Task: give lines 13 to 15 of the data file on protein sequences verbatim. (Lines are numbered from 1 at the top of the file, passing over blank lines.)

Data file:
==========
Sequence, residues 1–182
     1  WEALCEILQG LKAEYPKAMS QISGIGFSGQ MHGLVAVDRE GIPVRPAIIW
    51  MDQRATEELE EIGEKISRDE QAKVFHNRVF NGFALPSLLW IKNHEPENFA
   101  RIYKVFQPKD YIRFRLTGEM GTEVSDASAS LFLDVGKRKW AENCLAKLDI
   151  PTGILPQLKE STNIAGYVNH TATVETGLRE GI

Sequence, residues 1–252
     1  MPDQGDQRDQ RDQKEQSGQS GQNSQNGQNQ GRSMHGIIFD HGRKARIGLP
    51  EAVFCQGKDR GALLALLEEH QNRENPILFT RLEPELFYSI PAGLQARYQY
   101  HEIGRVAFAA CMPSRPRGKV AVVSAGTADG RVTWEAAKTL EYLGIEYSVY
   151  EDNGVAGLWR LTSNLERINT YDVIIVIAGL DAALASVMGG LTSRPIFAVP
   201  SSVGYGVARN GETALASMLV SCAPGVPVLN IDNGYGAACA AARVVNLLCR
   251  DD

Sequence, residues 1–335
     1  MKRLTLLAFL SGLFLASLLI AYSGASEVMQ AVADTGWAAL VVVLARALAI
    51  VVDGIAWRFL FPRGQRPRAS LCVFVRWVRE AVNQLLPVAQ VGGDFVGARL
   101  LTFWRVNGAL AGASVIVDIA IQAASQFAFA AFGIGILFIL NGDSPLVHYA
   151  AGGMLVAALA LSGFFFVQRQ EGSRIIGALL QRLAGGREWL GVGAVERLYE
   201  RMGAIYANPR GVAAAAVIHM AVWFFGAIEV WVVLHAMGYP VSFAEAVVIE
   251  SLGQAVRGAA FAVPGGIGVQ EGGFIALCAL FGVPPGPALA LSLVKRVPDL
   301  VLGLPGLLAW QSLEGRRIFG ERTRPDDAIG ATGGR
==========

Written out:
Sequence, residues 1–335
     1  MKRLTLLAFL SGLFLASLLI AYSGASEVMQ AVADTGWAAL VVVLARALAI
    51  VVDGIAWRFL FPRGQRPRAS LCVFVRWVRE AVNQLLPVAQ VGGDFVGARL